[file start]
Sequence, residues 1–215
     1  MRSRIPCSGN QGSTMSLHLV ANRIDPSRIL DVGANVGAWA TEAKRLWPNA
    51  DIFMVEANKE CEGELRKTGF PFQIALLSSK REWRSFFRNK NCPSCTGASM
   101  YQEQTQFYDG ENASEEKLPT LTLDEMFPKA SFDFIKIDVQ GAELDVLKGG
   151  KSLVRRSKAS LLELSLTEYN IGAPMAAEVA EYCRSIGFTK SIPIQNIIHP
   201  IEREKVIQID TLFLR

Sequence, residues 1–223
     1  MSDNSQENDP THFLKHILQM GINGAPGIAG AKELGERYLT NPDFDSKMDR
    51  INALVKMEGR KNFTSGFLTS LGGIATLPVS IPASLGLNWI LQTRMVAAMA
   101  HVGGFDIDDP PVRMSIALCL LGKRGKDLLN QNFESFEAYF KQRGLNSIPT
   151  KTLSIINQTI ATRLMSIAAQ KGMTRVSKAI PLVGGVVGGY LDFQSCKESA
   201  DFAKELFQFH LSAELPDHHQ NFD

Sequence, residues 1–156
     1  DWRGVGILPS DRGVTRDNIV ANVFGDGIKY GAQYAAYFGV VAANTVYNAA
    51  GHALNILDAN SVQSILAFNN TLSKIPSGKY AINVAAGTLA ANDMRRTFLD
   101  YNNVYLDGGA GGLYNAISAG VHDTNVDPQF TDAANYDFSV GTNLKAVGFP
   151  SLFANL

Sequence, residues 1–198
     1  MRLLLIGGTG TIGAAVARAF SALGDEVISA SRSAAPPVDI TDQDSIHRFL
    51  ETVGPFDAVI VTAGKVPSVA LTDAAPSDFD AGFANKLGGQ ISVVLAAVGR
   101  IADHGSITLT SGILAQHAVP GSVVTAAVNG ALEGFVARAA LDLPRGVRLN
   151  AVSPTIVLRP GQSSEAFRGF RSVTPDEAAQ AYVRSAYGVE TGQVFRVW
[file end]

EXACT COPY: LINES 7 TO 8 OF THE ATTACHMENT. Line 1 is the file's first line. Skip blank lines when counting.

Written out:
Sequence, residues 1–223
     1  MSDNSQENDP THFLKHILQM GINGAPGIAG AKELGERYLT NPDFDSKMDR